Visiting the vet is one of the many responsibilities that comes with owning a pet. It may not be fun, but it's important for your pets health. Challenging economic times couple with the rising cost of quality vet care means that more people than ever are struggling to pay their pets expensive vet bills. Pet ownership isn't something that should be entered into lightly, and you should always make sure you are financially able to care for an animal before bringing it into your home. However, even for the most prepared owners, sometimes things happen that are out of our control.
If you need help paying for non-emergency vet bills, you can consider having a yard sale, bake sale, or selling things online to help raise money. Let people know why you are trying to raise money. Some people may be more willing to buy from you if they know that their money will be going to help your pet.
Try to keep a working relationship with your vet. If your veterinarian knows you well, and knows you are a caring owner, they may be more likely to work with you during a financial hardship.
If they aren't, call around and talk to other vets. Some of them may be willing to set up some kind of a payment plan, so you can pay your bill over time instead of all at once. Call your local shelters and ask if they know of any low cost vets. Some shelters have their own vet clinics and may be able to treat your pet at a lower cost, or set up a payment plan.
If those options don't work out, you can consider using credit to pay for vet bills. Either a regular credit card, or you can apply for care credit. Care credit works like a credit card, but can only be used at certain medical establishments (including some veterinary offices). http://www.carecredit.com/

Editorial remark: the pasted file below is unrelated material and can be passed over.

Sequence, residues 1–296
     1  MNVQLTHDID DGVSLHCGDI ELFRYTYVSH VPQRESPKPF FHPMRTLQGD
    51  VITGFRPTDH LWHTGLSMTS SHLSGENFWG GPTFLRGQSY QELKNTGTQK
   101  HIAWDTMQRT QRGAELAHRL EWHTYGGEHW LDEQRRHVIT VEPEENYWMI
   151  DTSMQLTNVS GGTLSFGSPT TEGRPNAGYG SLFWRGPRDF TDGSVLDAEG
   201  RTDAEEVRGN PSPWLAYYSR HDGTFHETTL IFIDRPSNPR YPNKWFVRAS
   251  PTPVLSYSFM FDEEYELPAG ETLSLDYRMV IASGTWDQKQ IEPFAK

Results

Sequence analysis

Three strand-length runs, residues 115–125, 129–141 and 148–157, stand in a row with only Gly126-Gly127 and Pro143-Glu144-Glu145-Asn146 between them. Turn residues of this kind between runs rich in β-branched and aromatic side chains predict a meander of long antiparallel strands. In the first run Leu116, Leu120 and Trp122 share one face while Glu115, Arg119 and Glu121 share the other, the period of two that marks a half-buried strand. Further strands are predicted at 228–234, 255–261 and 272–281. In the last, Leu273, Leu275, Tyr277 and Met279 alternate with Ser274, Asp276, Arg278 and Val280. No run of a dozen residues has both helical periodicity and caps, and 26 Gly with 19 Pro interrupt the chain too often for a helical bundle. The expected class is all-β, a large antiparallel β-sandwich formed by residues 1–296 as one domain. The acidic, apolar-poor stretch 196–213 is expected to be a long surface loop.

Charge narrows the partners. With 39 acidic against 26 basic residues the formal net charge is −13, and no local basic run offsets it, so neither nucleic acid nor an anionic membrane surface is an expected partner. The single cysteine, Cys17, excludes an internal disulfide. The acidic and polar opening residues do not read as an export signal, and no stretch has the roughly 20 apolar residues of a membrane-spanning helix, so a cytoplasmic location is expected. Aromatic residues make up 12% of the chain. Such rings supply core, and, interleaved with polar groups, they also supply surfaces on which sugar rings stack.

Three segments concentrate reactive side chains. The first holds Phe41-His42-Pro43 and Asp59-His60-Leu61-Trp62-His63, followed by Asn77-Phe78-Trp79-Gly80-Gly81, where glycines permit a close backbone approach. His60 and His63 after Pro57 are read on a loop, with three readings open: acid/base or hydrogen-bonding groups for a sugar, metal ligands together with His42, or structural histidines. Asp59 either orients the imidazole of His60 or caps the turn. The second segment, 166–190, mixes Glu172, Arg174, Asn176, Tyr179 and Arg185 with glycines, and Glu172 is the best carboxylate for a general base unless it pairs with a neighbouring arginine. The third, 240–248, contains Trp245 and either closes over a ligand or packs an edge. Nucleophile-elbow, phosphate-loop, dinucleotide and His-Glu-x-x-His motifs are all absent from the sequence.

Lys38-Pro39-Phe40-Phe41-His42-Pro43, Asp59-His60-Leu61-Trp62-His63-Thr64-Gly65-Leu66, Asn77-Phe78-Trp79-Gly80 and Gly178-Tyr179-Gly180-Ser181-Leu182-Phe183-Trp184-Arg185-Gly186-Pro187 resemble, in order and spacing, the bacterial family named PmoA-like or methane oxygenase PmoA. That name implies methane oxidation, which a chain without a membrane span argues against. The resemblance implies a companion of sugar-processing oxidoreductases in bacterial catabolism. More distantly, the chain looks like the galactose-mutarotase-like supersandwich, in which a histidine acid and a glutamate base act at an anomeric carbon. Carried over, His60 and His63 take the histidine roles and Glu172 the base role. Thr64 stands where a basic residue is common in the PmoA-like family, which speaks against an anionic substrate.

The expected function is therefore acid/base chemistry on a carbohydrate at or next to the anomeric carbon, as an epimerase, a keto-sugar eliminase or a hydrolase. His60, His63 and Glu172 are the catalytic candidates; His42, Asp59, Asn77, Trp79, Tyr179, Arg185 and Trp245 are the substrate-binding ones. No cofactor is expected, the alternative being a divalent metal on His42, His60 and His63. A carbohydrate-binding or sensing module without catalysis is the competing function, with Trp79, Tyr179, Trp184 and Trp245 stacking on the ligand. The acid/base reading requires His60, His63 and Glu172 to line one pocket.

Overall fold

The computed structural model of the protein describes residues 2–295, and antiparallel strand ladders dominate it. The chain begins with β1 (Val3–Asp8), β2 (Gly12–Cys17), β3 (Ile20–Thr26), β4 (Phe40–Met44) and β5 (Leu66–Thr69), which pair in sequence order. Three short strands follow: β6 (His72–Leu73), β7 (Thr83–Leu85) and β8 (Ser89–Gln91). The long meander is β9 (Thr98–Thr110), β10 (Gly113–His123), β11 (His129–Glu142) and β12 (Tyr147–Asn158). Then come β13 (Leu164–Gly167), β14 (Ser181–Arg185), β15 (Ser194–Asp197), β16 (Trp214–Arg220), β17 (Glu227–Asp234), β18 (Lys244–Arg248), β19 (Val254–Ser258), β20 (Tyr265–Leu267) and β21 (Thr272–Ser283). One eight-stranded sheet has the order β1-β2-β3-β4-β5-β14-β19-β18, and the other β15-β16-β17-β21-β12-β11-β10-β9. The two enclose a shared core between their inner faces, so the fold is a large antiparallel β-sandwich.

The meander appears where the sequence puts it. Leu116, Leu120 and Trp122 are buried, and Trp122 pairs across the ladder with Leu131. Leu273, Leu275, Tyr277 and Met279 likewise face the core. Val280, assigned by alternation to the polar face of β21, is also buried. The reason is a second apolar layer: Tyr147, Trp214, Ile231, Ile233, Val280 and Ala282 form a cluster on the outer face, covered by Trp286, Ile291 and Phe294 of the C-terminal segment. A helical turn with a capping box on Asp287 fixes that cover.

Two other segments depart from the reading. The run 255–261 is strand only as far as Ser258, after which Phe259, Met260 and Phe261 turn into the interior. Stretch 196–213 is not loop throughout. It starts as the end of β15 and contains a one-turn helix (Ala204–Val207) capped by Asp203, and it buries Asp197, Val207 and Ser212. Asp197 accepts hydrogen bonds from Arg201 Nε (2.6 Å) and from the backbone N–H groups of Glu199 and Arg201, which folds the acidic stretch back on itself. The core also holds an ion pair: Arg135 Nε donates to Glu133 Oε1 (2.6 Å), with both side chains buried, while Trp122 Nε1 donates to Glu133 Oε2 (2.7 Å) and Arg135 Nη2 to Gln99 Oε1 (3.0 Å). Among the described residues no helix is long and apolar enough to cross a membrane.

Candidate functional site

If for some reason you can't use credit, or you don't have enough credit to cover your bill, there are some organizations out there that may be able to help you if you are stuck in an emergency situation. Below are a few organizations who, if you meet their requirements, may be able to help cover emergency vet bills.
The pet fund - http://thepetfund.com/
Red Rover - http://www.uan.org/
The Mosby Foundation - http://www.themosbyfoundation.org/index.html
Our list of organizations has drastically decreased since we first posted this back in 2010. Many of the organizations we originally had listed have since closed. The Best Friends website has a more extensive list that includes a number of organizations who only work with owners within certain locations, or with pets who have specific conditions.
If you are reading this and not currently experiencing a pet medical emergency, start planning now! It's never too late to start saving extra money for an emergency pet care fund. Even if you set aside just a small amount at a time, it's better than nothing and, overtime, can add up.
Original article posted 11/1/2010, last updated 1/23/2017